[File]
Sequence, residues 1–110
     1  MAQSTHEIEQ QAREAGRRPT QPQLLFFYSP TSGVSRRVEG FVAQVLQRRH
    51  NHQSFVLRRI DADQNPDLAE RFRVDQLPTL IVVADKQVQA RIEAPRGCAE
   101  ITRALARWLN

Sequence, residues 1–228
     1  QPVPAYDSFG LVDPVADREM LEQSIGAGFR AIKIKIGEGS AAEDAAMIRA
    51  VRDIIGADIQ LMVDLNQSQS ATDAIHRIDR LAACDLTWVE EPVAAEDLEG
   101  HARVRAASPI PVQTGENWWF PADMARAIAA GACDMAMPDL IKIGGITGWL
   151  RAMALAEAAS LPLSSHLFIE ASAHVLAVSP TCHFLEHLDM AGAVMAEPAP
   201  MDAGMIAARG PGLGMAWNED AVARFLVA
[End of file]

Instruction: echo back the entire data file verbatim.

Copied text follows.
Sequence, residues 1–110
     1  MAQSTHEIEQ QAREAGRRPT QPQLLFFYSP TSGVSRRVEG FVAQVLQRRH
    51  NHQSFVLRRI DADQNPDLAE RFRVDQLPTL IVVADKQVQA RIEAPRGCAE
   101  ITRALARWLN

Sequence, residues 1–228
     1  QPVPAYDSFG LVDPVADREM LEQSIGAGFR AIKIKIGEGS AAEDAAMIRA
    51  VRDIIGADIQ LMVDLNQSQS ATDAIHRIDR LAACDLTWVE EPVAAEDLEG
   101  HARVRAASPI PVQTGENWWF PADMARAIAA GACDMAMPDL IKIGGITGWL
   151  RAMALAEAAS LPLSSHLFIE ASAHVLAVSP TCHFLEHLDM AGAVMAEPAP
   201  MDAGMIAARG PGLGMAWNED AVARFLVA